It will be up to the younger generation to clean up the mess that we have helped make. However, we have to lay the groundwork now to enable them to do that. The Kyoto protocol will not do that. It will further drive our country down in its productivity and its ability to compete with other countries. Let us have a made in Canada solution and that is something we propose.

The government brought forward a $16 a year per taxpayer tax relief plan. It is hard to imagine that it could even come up with a figure that would adjust someone's take home pay by that much. It is absolutely ludicrous. We need substantive tax relief for low and middle income families.

We need a day care plan that does not give money to bureaucrats and organizations. We need a plan that puts money into the pockets of the parents so they can decide how to take care of their children. If we did that, it would be a substantive tax relief to families so they would have some choices. We do not have to look very far. We only have to look within our own families. They struggle to make ends meet at the end of every month and in many cases are unable to do it.

We talk about record credit card debt at outlandish interest rates. Many families are getting into these issues and these kinds of problem.

It is no different in my riding of Lethbridge. We have a very vibrant community. The city of Lethbridge has 75,000 people. It has a university and a college. It has a strong economic base of mom and pop operations. It has an industrial park. We have the surrounding area which is agriculture, intensive livestock, irrigation. A lot of dollars get turned over in the riding in a month or in a day. We need that type of activity in the country on a more general basis to foster economic growth.

However, the basic industry that drives the rest is agriculture. We asked questions of the agriculture minister a few minutes ago. We asked him what he would do if our border was closed to not only live cattle. R-CALF, the protectionist group in the United States, has now asked the court in Billings, Montana, the court which did not allow the border to be opened to live cattle when it was supposed to be, to expand that injunction to include boxed beef. If that happens, the price of cattle in this country will just take a nosedive like we have never seen before.

The minister sits here day after day talking about the wonderful things he has done to improve capacity. The loan loss reserve program that the government has implemented is not working. Bankers have told us that as far as they are concerned it does not exist, that it is a hindrance not a help. We need some major work done on increasing our slaughter capacity and finding other markets than traditional markets for our beef.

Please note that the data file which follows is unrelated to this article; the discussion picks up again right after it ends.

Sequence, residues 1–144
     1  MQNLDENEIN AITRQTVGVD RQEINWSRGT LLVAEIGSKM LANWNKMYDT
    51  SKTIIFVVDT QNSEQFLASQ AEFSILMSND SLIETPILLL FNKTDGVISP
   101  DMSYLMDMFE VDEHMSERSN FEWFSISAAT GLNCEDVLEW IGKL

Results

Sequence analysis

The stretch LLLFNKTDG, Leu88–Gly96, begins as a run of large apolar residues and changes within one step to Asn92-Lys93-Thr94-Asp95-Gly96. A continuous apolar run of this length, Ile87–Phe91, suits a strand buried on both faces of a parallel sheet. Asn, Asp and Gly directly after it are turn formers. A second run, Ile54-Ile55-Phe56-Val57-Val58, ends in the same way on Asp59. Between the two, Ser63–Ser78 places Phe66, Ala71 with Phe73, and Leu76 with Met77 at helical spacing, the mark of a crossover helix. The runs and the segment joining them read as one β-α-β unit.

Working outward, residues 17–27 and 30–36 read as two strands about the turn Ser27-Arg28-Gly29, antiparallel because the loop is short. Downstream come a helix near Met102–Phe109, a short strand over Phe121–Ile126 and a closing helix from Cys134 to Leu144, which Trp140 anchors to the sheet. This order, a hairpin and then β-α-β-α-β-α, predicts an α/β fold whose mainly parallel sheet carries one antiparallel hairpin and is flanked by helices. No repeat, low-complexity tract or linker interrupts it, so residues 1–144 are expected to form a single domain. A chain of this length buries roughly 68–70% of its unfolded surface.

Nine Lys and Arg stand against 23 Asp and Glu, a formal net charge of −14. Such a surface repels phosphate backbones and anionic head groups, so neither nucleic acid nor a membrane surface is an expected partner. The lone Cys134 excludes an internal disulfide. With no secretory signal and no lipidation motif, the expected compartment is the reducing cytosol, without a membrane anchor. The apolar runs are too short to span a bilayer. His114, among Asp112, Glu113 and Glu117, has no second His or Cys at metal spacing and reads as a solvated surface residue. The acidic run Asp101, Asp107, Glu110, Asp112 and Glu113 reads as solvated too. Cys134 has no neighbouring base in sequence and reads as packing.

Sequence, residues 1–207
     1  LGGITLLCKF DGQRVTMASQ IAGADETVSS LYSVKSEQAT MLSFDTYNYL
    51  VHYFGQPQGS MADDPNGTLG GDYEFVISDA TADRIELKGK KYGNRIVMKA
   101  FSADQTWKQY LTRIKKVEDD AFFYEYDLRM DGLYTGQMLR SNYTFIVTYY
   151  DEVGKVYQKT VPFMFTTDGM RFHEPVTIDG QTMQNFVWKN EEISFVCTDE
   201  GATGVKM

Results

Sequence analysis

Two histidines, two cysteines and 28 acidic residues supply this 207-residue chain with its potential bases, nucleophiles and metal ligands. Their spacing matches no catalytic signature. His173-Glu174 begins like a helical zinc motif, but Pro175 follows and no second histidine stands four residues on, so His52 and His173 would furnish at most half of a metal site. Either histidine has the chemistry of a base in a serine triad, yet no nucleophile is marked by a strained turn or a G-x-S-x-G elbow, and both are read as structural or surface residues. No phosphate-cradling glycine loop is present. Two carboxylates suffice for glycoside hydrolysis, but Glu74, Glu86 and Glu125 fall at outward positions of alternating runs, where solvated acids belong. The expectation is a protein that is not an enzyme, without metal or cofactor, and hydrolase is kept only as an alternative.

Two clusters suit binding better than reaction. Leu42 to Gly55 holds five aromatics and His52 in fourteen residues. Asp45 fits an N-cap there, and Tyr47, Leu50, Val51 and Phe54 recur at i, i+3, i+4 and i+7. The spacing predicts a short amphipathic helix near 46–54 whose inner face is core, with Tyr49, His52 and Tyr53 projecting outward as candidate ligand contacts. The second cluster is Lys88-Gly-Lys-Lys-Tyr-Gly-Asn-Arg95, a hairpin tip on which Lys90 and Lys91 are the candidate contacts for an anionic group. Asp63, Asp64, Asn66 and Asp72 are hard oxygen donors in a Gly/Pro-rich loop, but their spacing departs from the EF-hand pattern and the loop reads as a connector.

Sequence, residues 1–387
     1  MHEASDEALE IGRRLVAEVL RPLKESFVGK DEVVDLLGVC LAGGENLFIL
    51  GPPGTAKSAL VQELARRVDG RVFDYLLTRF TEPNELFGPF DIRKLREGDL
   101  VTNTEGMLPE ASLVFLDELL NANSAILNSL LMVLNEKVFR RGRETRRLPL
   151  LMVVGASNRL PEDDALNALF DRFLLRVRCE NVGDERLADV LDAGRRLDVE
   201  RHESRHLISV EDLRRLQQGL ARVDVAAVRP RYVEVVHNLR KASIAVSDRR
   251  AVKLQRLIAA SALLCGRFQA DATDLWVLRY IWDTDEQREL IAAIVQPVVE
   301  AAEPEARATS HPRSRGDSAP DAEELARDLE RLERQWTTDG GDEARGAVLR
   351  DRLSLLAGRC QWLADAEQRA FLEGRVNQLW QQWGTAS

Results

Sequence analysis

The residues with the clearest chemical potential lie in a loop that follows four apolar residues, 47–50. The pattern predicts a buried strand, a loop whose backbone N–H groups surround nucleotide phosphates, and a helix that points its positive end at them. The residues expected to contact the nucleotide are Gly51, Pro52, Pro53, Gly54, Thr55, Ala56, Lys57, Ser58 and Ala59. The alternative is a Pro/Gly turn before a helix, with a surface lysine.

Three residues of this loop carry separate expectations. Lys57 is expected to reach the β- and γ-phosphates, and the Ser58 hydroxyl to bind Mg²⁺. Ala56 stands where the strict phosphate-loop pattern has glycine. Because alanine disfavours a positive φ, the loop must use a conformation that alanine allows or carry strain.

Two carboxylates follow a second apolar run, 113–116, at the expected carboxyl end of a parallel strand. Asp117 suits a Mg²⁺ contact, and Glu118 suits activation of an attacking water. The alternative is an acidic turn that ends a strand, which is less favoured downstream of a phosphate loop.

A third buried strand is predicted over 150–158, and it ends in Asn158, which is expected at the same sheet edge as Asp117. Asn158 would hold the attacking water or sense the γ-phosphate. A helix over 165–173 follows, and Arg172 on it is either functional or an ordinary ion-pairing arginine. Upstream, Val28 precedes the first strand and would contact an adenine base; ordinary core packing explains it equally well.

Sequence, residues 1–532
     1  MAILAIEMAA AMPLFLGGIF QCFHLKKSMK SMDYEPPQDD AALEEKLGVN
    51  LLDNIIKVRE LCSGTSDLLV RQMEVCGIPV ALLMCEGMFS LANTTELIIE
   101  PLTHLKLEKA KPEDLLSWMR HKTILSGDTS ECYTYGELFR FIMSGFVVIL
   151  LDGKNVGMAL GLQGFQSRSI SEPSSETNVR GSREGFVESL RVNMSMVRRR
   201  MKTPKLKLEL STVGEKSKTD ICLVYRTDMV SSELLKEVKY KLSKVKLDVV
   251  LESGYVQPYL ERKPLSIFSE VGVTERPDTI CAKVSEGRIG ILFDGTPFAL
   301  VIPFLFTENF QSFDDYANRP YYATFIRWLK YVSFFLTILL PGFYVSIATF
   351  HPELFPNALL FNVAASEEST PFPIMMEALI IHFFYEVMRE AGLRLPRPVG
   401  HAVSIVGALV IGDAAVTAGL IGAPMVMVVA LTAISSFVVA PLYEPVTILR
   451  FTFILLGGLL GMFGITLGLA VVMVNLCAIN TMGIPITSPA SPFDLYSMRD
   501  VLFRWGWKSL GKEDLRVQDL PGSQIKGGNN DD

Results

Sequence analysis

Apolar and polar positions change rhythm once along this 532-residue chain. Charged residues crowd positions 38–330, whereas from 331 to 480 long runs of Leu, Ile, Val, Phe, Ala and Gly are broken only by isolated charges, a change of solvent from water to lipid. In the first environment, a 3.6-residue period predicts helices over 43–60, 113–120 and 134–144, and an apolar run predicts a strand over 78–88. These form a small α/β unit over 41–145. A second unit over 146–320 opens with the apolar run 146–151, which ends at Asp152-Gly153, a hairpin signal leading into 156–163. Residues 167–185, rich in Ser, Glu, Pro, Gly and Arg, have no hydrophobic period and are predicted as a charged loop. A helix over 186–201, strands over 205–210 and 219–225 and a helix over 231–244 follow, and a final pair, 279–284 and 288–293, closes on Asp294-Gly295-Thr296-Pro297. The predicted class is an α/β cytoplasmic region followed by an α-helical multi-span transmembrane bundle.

The judge in Billings has three options to make. He can throw out the injunction and open the border, or he can uphold the present injunction and close the border to live cattle or can expand it. We have asked the minister what his plan is if it is expanded. We have received fluff answers. We have not had any concrete answers from him. That needs to be addressed in a very serious manner.

I am getting calls from others in the agriculture community, from the grain farmers. My colleague from Wild Rose mentioned a case that has been brought to his attention. I have similar cases where people have been expecting substantive help through the CAIS program. When they actually get it, it is $140 which is not even enough to buy one tonne of fertilizer to help pay the fuel bill.

Since it was implemented, we have been after the government to do something about that program, to make it work for producers. We pushed for the government to waive the cash deposits and it did that. However, the program cannot be triggered for those who need it, and something has to be done about that.

The NDP stands in the House and pretends that it is supporting farmers. When we saw the special side deal between the Prime Minister the NDP, there was nothing in it for farmers. There was nothing in it for seniors. Why was that not addressed? The Liberals missed it in the original budget and they did not address it in the NDP budget. The Prime Minister has been crossing the country spending a billion dollars a day on average since then and he has not addressed those issues either.

We know that these are not priorities for the government. We know we will see a continuation of overtaxation and overspending. The priorities of Canadians are not being met, and we need to bring this back to reality.

Then there is the gas tax money for municipalities. It is amazing how the Liberal government has spun this. It was this party that brought motions to this House to put some of the gas tax back into infrastructure. We pushed that issue. We pushed it time and time again. Now we find that the Liberals are threatening municipalities that if the budget does not pass they are not going to get that money. We have made the recommendation that they will get that money.

We cannot continue to bring forward budgets like this with shotgun programs that do not direct and project the economic growth of the country for five or ten years down the road.